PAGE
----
With 3:16 left in the first quarter on Saturday, Buffalo started its fourth drive of the game at its own 16-yard line.
The Bulls concluded this drive with a field goal and gave the ball back to the Penn State with 9:42 left in the second quarter.
The Bulls ran a 19 play, 69 yard drive that took 8:34 off the clock.
This one drive was longer than Penn State’s entire time of possession in the first half.
The Nittany Lions’ offense has had a lack of drives this season and it's something that should be concerning.
Their longest drive this season from a time perspective is 5:51 which occurred in garbage time against Idaho, an FCS opponent that is nowhere near as talented or on the same level as Penn State.
Against Buffalo, the longest drive the Nittany Lions put together was 2:39 and it resulted in a punt.
Penn State’s longest scoring drive was 1:54.
And even when looking at it in a plays perspective it’s not much better.
The most plays Penn State ran in a single drive against Buffalo was seven and that was on the 1:54 drive that ended in a field goal.
In their game against the Vandals, Penn State was on the field for a 14-play drive, but once again it was in garbage time when none of the starters were playing.
Penn State’s starting offense has yet to put together a drive that takes multiple plays and takes multiple minutes off the clock.
But what is the big deal with them not putting together long sustained drives?
I mean Penn State is 2-0 this season and have scored 124 points in those two games which the second most points scored in school history in the first two games.
The one big negative to not putting together drives is that you are never going to win the time of possession battle.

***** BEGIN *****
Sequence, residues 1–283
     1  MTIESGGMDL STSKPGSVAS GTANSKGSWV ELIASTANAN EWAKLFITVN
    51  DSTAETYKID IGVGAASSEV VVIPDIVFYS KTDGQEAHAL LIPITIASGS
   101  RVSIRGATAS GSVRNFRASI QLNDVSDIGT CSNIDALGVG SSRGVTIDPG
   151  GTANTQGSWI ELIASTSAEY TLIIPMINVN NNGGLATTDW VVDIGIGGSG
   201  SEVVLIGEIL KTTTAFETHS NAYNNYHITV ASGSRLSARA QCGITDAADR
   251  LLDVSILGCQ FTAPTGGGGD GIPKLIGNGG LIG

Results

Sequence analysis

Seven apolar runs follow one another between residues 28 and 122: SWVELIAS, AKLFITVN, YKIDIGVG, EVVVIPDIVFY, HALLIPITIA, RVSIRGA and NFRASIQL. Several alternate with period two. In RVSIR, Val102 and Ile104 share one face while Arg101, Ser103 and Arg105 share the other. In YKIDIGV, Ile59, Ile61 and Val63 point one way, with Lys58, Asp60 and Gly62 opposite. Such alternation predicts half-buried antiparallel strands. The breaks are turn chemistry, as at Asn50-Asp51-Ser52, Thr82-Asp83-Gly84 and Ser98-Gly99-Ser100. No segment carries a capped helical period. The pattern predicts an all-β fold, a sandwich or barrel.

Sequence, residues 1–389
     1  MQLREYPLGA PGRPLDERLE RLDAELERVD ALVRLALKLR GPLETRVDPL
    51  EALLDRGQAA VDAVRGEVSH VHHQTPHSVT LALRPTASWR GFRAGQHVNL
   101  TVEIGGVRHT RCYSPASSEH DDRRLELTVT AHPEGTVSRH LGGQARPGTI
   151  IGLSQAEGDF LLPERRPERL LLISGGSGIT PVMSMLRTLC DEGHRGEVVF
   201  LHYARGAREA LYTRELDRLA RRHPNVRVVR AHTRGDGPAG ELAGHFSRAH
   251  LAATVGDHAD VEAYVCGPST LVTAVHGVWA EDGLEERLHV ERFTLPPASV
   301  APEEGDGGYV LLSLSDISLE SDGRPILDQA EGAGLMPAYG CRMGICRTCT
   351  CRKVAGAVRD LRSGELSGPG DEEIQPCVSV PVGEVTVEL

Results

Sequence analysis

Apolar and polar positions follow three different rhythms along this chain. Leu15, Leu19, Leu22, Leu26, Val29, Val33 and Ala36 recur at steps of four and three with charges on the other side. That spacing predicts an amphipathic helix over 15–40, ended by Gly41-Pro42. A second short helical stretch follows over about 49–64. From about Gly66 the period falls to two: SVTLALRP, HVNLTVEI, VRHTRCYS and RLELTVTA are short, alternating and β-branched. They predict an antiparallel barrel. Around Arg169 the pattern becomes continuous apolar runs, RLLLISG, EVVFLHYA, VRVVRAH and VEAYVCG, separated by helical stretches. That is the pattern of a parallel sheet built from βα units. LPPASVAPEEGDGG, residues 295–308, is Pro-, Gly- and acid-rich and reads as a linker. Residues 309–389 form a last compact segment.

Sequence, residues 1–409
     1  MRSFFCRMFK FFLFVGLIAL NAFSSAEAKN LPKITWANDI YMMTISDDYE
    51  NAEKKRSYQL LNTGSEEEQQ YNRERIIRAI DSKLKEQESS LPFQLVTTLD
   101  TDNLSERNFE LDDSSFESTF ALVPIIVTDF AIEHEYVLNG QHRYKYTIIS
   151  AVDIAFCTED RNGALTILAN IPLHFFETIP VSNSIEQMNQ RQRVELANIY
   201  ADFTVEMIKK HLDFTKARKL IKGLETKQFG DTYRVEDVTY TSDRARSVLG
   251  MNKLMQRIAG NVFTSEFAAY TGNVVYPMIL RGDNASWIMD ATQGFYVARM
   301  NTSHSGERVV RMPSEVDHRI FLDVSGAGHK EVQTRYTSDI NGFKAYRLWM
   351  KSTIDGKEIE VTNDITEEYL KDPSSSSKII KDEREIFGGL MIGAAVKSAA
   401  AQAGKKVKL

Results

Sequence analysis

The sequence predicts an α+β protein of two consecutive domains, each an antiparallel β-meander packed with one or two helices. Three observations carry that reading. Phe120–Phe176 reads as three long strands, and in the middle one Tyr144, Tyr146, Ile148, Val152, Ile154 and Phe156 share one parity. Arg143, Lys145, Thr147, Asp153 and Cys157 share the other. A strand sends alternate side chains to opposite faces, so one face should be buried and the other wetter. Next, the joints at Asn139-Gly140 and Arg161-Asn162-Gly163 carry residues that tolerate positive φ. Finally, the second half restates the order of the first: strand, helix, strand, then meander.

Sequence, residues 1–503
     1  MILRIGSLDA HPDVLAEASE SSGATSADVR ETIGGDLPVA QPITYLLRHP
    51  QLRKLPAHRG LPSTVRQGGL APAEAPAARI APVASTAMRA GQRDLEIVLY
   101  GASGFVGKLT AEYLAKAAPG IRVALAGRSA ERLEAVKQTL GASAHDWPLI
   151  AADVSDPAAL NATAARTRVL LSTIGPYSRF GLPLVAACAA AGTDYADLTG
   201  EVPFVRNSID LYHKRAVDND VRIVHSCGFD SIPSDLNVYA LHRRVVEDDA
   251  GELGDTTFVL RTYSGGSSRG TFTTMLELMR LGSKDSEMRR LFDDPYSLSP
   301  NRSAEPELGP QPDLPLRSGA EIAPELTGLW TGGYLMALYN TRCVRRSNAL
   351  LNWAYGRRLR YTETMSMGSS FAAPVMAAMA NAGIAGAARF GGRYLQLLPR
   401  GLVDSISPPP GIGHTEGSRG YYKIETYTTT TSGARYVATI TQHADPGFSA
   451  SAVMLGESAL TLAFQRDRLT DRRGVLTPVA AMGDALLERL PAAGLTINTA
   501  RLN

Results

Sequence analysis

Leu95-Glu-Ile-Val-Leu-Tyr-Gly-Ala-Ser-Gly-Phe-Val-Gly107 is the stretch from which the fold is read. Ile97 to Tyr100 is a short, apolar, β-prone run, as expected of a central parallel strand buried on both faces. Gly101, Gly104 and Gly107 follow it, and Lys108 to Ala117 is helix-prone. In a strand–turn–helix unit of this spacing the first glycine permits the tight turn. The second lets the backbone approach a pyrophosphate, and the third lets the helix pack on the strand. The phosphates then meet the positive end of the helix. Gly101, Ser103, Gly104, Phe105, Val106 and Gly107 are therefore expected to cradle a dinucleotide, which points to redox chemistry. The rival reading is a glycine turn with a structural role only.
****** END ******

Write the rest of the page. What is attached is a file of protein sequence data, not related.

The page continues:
And that was Buffalo’s plan and why it looked poised to upset Penn State. The Nittany Lions offense only had the ball for 17:28 of the 60 minutes on Saturday.
It’s very hard to get into a rhythm when you barely touch the ball and only run 46 offensive plays.
And a big reason why they haven’t run many plays is that the Nittany Lions offense has scored those points by being explosive, not consistent.
“I thought that we were able to get some explosive plays,” James Franklin said after Saturday’s game. “I thought the inconsistency still stayed there, we just became more explosive in the second half.”
“We had a lot of big plays, touchdowns, one-play drives which puts our defense in a tough spot because they have to go right back on the field.”
And Franklin is absolutely correct, the Penn State offense didn’t all of a sudden play perfect football in the second half against Buffalo, it just got explosive.
Let’s look at Penn State’s offensive touchdowns on Saturday.
The first one was a 28-yard pass, the second was a 23-yard pass, the third was a two-yard run which was set-up by a 58-yard pass, there was another 28-yard pass, then a 56-yard pass.
Every single one, except for Noah Cain’s rush, was on a play for more than 20-yards.
And Cain’s touchdown was set-up by a huge play.
And don’t get me wrong, explosiveness by an offense isn’t a bad thing, it’s just that Penn State can’t rely on explosive plays.
As the Nittany Lions run into tougher competition, it won’t be able to count on 50-yard plus pass plays to win games.
At some point, Penn State’s will need a long drive, not only for themselves, but also for the defense.
Against Buffalo, the Nittany Lions defense can afford to get back on the field quickly with less rest as they are athletically superior to the opposing team, but eventually that won’t be the case and the defense will need some time to make adjustments and just regain their composure.
On the surface, Penn State’s offense is just fine, but eventually the Nittany Lions will need to put together a 10-play plus drive and show some consistency.
And so far against Idaho and Buffalo, Penn State hasn’t done this.